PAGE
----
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Sestriere has a reputation as a resort for the Italian jet set, as it hosts the Alpine Skiing World Cup every year. However, outside those few days, it has appeal for most types of keen skiers wanting modern resort facilities rather than quaint alpine villages (though these are situated nearby). Its unusual mountain-top position means that it is much more open, sunny and less claustrophobic than the more common valley-floor villages, so may be better for nonskiers.

Facilities on the slopes consist of:

Skiing - Night skiing, Heli skiing, Torchlit descents.

Snowboarding - Snowparks: 1, Quarter pipes: 1.

Other Snow Sports - Cross country: 15km, Cross country equipment available, Snow shoeing, Snow shoes available, Skidoos.

Sestriere itself has 7 main lifts (mainly drag), which are arrayed along the SE edge of the town. Skiers also have access to the 92 lifts of the Via Lattea (the regional ski-network), comprising 3 cable cars, 35 chair-lifts and 54 drag-lifts. Via Lattea's 10 ski-schools have a total of 600 ski-instructors, a fair proportion of whom speak English. Sestriere's main ski-school is at the bottom of the "Baby" drag, with another near the back of town. The ski-pass covers the whole of the Via Lattea.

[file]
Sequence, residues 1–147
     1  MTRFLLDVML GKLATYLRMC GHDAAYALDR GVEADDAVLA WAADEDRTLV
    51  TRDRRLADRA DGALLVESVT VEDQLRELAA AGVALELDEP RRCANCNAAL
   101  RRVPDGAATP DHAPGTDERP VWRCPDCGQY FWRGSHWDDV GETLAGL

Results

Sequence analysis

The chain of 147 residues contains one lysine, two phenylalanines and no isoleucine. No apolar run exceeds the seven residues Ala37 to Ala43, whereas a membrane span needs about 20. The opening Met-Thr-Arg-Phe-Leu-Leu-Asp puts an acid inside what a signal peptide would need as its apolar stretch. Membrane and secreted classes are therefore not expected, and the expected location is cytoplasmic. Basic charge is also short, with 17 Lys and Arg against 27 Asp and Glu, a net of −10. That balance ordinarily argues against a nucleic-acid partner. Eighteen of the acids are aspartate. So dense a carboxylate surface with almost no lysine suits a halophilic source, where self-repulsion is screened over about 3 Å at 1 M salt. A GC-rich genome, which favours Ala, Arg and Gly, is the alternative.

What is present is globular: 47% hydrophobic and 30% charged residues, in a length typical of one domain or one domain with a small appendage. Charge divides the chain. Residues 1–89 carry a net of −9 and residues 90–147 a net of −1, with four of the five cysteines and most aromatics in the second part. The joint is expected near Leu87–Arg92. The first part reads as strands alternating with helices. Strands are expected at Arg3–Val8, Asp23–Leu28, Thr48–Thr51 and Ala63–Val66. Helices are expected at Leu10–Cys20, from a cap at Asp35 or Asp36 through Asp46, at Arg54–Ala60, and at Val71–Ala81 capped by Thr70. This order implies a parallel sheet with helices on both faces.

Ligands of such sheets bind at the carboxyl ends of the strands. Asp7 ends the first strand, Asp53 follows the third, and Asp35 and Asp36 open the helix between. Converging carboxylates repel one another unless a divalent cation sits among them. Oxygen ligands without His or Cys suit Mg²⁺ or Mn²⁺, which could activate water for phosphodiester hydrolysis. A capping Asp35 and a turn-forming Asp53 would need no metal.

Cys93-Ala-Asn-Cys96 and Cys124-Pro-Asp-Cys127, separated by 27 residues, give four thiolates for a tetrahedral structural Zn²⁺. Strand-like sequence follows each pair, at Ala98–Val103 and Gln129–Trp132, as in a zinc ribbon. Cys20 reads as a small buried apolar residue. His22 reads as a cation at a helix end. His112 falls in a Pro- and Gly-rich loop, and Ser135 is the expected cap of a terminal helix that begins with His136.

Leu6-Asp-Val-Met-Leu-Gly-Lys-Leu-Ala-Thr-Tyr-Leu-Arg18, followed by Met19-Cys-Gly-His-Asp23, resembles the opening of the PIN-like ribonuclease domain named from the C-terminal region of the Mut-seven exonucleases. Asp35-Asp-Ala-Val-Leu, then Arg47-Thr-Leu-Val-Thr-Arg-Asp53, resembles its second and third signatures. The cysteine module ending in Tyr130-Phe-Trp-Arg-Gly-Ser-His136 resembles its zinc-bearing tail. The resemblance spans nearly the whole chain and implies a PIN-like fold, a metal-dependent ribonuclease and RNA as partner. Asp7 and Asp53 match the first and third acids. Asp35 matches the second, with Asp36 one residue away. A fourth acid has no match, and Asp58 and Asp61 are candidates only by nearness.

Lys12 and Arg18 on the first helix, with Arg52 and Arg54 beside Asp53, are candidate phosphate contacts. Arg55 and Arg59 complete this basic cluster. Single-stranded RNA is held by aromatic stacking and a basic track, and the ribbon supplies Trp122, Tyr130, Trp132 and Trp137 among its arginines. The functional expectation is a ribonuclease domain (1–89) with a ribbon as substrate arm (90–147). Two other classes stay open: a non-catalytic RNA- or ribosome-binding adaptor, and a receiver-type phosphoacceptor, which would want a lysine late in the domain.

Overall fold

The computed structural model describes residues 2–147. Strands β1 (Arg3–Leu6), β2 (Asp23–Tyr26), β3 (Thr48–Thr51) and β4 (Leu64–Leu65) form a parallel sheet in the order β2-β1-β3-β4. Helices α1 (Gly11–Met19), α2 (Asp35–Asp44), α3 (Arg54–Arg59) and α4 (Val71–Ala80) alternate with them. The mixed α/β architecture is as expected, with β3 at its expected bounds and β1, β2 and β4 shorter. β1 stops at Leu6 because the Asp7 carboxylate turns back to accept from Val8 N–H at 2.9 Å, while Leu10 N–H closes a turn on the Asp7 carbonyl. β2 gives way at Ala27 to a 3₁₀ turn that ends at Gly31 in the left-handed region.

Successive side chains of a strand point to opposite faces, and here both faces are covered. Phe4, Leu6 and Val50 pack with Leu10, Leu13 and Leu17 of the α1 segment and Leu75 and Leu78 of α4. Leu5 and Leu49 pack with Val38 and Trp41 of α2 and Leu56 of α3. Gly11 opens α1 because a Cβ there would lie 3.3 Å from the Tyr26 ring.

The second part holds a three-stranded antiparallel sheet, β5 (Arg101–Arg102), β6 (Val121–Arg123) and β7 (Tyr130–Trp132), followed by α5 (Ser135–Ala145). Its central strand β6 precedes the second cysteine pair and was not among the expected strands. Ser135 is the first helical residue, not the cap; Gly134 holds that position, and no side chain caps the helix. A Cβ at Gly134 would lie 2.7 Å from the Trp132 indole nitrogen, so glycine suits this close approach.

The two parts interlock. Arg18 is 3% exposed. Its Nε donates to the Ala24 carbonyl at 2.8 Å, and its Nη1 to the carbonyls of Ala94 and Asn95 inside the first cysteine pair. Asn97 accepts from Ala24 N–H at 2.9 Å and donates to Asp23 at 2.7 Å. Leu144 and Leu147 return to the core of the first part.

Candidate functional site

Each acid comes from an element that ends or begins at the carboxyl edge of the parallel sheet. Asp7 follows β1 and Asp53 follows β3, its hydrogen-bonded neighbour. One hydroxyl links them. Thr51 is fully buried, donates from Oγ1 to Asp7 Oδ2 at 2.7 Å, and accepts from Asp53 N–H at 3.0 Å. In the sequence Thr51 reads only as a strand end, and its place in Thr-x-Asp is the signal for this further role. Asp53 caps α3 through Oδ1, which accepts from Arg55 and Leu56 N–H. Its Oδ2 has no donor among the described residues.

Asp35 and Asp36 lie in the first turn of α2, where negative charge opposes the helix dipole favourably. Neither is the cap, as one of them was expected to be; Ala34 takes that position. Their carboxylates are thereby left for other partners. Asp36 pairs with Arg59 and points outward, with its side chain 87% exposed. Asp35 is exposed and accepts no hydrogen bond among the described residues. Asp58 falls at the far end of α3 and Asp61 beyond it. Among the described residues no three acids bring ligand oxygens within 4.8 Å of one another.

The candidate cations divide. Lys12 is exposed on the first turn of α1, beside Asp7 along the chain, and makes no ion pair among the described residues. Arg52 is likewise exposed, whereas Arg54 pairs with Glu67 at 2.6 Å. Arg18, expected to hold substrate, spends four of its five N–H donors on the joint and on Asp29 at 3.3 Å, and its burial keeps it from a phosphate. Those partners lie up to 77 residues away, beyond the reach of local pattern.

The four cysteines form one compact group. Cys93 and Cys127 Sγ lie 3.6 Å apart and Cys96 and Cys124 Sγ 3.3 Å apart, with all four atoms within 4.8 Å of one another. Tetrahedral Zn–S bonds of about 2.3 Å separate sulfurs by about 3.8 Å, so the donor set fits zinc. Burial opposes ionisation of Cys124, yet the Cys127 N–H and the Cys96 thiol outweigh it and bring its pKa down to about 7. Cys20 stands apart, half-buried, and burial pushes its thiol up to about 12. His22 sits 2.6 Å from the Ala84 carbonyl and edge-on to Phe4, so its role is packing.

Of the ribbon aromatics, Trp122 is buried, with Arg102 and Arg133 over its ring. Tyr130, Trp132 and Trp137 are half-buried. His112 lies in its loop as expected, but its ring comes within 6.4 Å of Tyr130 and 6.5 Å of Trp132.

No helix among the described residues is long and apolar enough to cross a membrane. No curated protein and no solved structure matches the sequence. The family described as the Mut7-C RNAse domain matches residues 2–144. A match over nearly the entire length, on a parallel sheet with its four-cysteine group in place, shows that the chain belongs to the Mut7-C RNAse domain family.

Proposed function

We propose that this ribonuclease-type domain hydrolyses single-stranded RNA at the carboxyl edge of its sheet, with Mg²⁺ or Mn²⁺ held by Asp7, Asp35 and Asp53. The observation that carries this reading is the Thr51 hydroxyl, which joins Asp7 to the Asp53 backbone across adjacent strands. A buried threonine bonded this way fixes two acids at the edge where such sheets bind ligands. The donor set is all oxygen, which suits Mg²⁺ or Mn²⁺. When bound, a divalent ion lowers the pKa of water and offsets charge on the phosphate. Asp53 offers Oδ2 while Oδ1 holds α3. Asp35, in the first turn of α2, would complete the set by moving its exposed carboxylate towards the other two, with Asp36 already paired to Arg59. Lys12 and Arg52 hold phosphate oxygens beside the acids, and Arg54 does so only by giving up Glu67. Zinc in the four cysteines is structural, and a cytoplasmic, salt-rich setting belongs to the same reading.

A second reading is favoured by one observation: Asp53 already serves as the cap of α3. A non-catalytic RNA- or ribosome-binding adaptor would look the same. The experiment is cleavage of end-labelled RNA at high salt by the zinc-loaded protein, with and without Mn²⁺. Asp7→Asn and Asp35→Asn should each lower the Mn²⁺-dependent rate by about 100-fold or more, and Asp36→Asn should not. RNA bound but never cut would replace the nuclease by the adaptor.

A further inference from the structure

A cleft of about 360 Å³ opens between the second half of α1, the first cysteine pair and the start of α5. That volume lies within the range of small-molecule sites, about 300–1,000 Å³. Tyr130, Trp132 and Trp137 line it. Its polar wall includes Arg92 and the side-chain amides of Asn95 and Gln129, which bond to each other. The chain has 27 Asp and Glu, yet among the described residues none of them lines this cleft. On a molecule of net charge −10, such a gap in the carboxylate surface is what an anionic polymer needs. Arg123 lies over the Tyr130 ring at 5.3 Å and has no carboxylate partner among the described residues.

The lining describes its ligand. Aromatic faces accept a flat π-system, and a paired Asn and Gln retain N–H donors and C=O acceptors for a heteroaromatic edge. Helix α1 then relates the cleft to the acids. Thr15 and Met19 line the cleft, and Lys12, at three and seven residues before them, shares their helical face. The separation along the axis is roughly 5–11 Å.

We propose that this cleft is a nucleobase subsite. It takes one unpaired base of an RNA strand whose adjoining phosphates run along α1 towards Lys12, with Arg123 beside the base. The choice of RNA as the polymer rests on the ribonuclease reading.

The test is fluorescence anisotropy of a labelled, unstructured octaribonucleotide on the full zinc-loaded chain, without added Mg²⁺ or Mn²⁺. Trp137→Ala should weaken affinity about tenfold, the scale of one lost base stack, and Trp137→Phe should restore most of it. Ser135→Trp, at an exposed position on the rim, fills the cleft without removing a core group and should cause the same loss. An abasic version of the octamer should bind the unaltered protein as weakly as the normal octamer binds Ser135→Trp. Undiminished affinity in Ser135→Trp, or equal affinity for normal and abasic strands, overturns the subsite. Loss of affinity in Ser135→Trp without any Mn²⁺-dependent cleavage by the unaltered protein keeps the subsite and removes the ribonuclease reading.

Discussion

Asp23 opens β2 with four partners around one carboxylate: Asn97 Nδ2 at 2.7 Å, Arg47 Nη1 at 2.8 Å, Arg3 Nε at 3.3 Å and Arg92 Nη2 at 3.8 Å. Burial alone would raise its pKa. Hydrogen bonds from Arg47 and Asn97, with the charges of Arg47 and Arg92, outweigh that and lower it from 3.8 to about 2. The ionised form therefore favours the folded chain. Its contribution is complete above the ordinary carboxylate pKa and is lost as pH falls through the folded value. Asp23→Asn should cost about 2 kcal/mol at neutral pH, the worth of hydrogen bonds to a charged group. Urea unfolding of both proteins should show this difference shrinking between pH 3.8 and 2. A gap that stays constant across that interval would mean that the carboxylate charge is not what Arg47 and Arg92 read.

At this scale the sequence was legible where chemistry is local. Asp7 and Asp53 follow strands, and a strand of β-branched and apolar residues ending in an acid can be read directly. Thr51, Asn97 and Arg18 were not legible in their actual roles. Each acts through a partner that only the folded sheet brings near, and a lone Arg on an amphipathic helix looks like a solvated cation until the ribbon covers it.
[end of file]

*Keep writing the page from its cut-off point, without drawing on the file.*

For the shoppers there are loads of outlets of all types around the Piazza Agnelli, along Via Pinerolo and in the pedestrianised Piazza Fraiteve, plus the odd local shop elsewhere.

The daytime boasts all types of skiing, including off-piste heli-skiing; paragliding; skidoo hire; dog sledding; ice-skating and snow park. An American Sports Centre offers squash, massage, solarium, gym etc. In summer the resort can offer Europe's highest 18-hole golf course.

The nightlife is not that wonderful for an allegedly jet-set resort, it consists of 1 disco but plenty of bars with music, and flood-lit skiing.

There are plenty of restaurants all over town and all serving Italian cuisine, pizzas etc. Also adequate cafe bars can be found on the pistes.

Accommodation consists of over 20 hotels and apartment complexes, mainly in the 2- and 3-star range. Most of the better-quality 4-stars are run as "club hotels" like Club Med and its Italian equivalent. The best of all, the Principe di Piemonte, sits splendidly aloof from the rest on the piste side of town, but is not used by tour operators. Some accommodation is also in nearby old valley hamlets like Borgata.

Local excursions are very few and far between. Privately arranged trips to other resorts are about the only options.